Now if only Coscarelli maintained his ownership of the film's rights and characters, we might have gotten some decent sequels. Sadly the two sequels and the really weird television show don't amount to much. The Beastmaster 2 is basically the Cannon Masters of the Universe movie all over again - and somehow even worse. I'm sure at some point I did see Beastmaster 3 but I can't say that I remember a thing about it beyond a young Casper Van Dien before he nabbed Starship Troopers and David Warner looking like he couldn't wait to get out of there to cash his check.
But because of the frequency that The Beastmaster was on television - I never owned it. Never felt the need to because I'd seen it so many times. Now watching this new 4K UHD Blu-ray release from Vinegar Syndrome, I realized it'd been the better side of 15 years or longer since I actually sat down to watch this movie. Even with the constant familiarity of "oh right this part!" I had a blast reconnecting with it. Included in this set is a version of The Beastmaster with some new visual effects. Don't worry - Coscarelli didn't go full "Lucas" on his film - the visual effects changes are relegated to some of the dodgy optical effects and have only been updated slightly. So slight at times it's not immediately apparent that anything has been changed.
The eagle carrying the kid away to safety and the distant cloud of dust of the incoming marauders were the most obvious ones to me. It's not like they added new digital effects all over the place - it's still the same rambunctious The Beastmaster straining every dollar to the final penny. There's just been some spit and polish added. But if small enhancements aren't your thing, the 4K UHD Blu-ray and the other Blu-ray disc remains authentic to the original release. With that - even if you're not 4K UHD Blu-ray ready or don't plan to upgrade anytime soon - there's still great reason for grabbing this set. Not only is this the first U.S. domestic release for The Beastmaster - it's a definitive release right out of the gate.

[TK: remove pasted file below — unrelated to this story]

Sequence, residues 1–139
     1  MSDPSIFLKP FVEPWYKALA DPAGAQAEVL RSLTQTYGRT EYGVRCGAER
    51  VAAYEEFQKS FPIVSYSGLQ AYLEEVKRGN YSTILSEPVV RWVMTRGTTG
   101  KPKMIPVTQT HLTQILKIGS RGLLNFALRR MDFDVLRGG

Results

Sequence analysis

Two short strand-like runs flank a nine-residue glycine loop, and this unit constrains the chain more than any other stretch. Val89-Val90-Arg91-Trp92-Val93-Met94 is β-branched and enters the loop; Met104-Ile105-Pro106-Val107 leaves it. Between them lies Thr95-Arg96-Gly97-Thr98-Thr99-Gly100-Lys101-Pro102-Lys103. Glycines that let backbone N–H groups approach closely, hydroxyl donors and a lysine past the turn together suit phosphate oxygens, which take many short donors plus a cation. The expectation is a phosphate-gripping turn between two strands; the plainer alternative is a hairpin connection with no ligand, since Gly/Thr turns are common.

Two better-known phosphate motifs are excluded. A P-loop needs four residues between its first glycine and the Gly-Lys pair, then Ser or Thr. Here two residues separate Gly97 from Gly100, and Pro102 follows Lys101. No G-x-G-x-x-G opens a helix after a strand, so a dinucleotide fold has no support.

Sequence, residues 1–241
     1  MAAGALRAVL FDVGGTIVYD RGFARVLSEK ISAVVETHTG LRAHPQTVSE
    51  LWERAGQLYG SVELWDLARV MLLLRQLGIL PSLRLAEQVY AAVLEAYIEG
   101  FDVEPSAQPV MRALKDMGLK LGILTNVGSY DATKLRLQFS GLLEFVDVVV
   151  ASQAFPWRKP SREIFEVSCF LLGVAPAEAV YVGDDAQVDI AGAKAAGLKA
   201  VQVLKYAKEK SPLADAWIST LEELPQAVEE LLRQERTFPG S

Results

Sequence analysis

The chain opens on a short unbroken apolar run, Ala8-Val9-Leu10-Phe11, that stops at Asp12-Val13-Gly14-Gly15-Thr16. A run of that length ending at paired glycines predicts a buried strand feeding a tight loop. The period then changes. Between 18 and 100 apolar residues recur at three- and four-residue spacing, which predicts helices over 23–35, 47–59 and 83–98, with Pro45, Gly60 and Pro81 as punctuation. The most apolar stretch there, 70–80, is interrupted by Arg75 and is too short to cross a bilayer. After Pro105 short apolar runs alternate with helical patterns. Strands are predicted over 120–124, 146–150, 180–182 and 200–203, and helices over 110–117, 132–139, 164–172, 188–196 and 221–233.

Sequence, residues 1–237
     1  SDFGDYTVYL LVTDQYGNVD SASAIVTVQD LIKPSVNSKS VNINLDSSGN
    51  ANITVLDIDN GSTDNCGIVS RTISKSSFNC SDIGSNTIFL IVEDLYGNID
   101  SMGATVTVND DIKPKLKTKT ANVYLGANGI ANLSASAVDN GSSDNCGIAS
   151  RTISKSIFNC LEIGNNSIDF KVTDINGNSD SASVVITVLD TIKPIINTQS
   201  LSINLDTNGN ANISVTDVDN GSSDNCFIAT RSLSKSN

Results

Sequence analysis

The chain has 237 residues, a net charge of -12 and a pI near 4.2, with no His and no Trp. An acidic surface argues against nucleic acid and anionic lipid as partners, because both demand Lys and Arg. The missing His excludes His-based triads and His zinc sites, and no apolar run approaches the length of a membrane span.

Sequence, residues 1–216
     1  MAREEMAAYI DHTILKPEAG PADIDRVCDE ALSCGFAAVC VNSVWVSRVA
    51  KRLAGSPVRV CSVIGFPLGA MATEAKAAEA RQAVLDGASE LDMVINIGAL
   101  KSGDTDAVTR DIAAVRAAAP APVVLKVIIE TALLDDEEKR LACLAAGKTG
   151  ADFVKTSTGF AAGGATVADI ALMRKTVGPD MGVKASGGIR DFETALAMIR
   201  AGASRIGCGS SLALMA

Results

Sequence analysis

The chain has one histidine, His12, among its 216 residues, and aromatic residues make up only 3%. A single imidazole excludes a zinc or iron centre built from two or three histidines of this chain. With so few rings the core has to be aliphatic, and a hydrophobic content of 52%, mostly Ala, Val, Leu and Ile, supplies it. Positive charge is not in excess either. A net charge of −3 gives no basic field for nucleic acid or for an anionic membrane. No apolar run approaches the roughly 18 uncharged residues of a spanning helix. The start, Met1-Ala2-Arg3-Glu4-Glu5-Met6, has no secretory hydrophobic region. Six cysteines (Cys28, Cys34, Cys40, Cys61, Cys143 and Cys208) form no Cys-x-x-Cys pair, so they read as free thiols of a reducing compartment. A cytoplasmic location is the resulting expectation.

Vital Disc Stats: The 4K Ultra HD Blu-ray
After living a long life on cable, The Beastmaster finally arrives on Blu-ray and 4K UHD Blu-ray for the very first time in a deluxe Limited Edition 3-disc set from Vinegar Syndrome as the inaugural entry in their new deluxe UHD line - VSU - and limited to a run of 10,000 copies. Packaged in a gorgeous magnetic clasp book-box, the BD-100 4K disc and two BD-50 1080p Blu-ray discs are housed in a standard black 3-disc Elite case, each disc gets its own tray and isn't stacked on top of one another with a slick cardstock O-card with slightly raised textured artwork. There's also reversible insert artwork for the case, each depicting different poster art for the film. Also included is a booklet containing concept art, stills from the film, and essays. Each disc loads to its own main menu with Vinegar Syndrome's standard navigation menu structure. The 4K UHD has the two audio commentary tracks as bonus features while the two 1080 discs house all of the standard bonus feature materials.